Anne Lambelet cleverly reimagines the tale of Snow White in “The Poisoned Apple: A Fractured Fairy Tale.” In this sometimes-dark fairy tale, the princess isn’t named, but we know that a wicked witch detests her for her sweetness and is determined to do away with her.Continue reading
It’s a story that’s been told before — people win the lottery and their lives change, and not necessarily for the better. But Julie Pennell’s “Louisiana Lucky” takes that story and really brings it home. She tells the story of three sisters who play the lottery for entertainment and actually win big. How the winning will affect their heretofore modest lifestyle and their relationships is the center of the story. What they learn at the end is what it really means to be lucky. (Spoiler alert: it may not be winning the lottery.)Continue reading
We love our heroes; we despise our villains. What, then, do we make of Colonel Ursula Kuczynski, AKA Ursula Hamburger, AKA Ursula Burton, AKA — Agent Sonya? “Agent Sonya,” author Ben Macintyre’s exhaustively detailed and consistently fascinating account of that amazing woman’s life, may force us to realign our predilection for clearly delineated hero-versus-villain judgments. Continue reading
When you don’t know whom to trust or who is telling the truth, the world can be a scary place. In “To Tell You the Truth,” by Gilly Macmillan, not only does main character Lucy Harper not know who is telling her the truth, or whether she can trust her best friend and alter ego Eliza, but we don’t know if we can trust what Lucy is telling us in her first person narrative.Continue reading
How much does our brain do to protect us? What repressed memories might surface one day with the right stimuli? In “Behind the Red Door,” author Megan Collins explores how childhood events can be suppressed, altered, misremembered, and deleted. Main character Fern Douglas is happily married to a fabulous pediatrician and she enjoys her job as a school social worker. She knows how to talk to kids, how to get them to admit to abusive living situations and how to help them understand it’s not their fault that they have abusive parents.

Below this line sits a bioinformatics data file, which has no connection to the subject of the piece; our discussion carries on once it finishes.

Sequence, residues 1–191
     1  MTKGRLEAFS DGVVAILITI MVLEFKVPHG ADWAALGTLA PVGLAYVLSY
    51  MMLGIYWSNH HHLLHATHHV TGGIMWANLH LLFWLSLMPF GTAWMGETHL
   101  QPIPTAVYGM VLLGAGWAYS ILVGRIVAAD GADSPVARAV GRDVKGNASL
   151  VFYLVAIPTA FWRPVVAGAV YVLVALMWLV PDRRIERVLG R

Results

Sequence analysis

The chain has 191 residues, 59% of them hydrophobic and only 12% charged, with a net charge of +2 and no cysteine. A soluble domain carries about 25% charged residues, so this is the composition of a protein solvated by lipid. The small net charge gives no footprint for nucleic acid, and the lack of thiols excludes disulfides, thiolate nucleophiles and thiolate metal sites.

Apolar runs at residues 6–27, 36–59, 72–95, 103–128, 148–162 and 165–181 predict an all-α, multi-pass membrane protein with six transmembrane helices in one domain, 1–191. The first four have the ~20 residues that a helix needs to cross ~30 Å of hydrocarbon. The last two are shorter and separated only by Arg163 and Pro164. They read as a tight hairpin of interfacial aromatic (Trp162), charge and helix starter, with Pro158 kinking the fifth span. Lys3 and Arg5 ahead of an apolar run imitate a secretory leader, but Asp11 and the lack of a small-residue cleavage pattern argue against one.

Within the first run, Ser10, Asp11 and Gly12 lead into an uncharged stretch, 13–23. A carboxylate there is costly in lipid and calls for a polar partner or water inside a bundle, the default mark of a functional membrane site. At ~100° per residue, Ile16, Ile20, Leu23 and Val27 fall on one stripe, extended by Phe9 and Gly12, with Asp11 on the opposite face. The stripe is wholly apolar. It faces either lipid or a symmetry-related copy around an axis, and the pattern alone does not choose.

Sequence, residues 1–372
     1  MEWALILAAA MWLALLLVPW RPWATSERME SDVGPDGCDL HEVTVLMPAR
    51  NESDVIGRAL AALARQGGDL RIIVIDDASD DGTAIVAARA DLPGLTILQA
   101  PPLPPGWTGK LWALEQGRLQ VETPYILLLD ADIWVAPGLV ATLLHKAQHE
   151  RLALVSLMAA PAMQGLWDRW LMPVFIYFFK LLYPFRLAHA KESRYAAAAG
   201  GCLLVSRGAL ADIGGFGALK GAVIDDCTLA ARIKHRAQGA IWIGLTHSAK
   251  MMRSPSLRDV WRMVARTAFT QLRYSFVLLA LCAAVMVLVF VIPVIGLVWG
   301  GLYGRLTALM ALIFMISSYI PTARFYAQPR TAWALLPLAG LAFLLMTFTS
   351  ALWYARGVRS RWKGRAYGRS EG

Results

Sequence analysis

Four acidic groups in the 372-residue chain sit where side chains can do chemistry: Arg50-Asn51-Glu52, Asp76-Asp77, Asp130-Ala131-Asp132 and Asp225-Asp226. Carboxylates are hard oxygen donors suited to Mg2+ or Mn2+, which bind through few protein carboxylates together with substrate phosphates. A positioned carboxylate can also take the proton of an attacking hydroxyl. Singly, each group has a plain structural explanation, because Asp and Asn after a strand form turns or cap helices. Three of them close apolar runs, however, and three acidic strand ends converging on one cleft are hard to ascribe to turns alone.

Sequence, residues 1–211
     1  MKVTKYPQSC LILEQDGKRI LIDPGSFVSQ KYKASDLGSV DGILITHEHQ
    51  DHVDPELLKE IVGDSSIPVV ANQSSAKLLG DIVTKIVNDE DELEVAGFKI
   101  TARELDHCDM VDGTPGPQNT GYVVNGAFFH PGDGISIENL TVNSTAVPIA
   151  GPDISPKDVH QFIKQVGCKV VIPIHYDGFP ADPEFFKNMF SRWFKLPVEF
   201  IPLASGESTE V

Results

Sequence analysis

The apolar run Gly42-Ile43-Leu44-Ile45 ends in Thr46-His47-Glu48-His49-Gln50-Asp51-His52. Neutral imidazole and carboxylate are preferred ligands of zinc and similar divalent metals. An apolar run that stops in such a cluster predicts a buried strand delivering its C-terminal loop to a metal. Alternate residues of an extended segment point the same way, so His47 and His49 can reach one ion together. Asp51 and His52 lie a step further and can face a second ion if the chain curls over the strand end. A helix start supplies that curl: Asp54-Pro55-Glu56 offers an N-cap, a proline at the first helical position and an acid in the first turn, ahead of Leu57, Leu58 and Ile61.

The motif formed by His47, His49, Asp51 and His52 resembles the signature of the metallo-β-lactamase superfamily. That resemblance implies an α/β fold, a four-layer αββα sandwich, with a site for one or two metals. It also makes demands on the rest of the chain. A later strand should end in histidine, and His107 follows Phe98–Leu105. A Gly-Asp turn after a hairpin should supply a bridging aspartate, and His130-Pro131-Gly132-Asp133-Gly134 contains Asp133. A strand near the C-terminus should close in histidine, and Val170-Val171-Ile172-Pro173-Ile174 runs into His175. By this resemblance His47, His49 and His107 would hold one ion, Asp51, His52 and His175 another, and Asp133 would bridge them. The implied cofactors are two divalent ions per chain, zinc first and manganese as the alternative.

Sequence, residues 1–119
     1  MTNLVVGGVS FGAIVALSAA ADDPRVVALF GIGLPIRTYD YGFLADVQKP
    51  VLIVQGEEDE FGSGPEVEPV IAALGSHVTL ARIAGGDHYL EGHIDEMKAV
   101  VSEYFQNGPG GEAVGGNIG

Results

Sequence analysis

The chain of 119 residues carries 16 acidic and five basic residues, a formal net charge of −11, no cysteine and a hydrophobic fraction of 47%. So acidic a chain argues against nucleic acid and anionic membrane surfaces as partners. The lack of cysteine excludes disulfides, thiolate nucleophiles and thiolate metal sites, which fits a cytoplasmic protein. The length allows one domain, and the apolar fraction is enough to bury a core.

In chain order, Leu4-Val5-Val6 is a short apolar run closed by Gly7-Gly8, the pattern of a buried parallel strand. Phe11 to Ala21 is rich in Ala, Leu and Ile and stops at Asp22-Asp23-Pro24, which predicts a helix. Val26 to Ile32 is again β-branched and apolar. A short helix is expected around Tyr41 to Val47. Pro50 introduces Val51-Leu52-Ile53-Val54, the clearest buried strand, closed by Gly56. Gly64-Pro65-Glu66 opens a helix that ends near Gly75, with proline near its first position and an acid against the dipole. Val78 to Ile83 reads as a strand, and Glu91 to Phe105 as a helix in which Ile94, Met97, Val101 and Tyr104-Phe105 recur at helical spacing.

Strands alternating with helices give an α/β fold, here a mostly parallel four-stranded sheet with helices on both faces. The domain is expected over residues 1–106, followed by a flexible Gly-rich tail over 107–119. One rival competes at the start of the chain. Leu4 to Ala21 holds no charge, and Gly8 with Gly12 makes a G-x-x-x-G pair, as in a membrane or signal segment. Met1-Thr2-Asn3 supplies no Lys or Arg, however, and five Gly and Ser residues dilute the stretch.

Jon Meacham’s “His Truth Is Marching On; John Lewis and the Power of Hope,” is a stunningly powerful account of the life and career of John Lewis. Most often, when we describe events or behaviors as “shocking,” we are almost automatically communicating negativity: “… the shocking duplicity of this man,” or “the shocking cruelty of bigots.” But in the case of Meacham’s work, “shocking” carries many meanings and connotations that take us far beyond those negative implications of the word. It is, of course, an undeniable, all-too-obvious truth that 1960s Civil Rights workers like Lewis were cruelly abused physically and verbally, beaten to within inches of their lives, smashed viciously with clubs and truncheons, kicked mercilessly while lying semi-conscious on the blood-spattered ground, and generally treated like invading monsters from Hell. And to read the disgusting details of these acts of inhumanity is, indeed, shocking, even though we’ve seen and heard evidence of those brutal attacks before. Continue reading
Prolific author Ellen Hopkins is known for her young adult books that deal with tough subjects — especially drugs and the horrendous damage they can do to families and the lives of those who are caught in their tantalizing web. With her first middle grade novel, Hopkins hits a home run.
This is a story that, like her other books, is written in verse. It’s written from a dual point of view. We meet and get to know both Hannah and Cal, cousins whose mothers are identical twins, but whose lives couldn’t be more different. When we first meet them, Cal has lived with Hannah and her parents for a little over a year. It’s been a tough year for all. Continue reading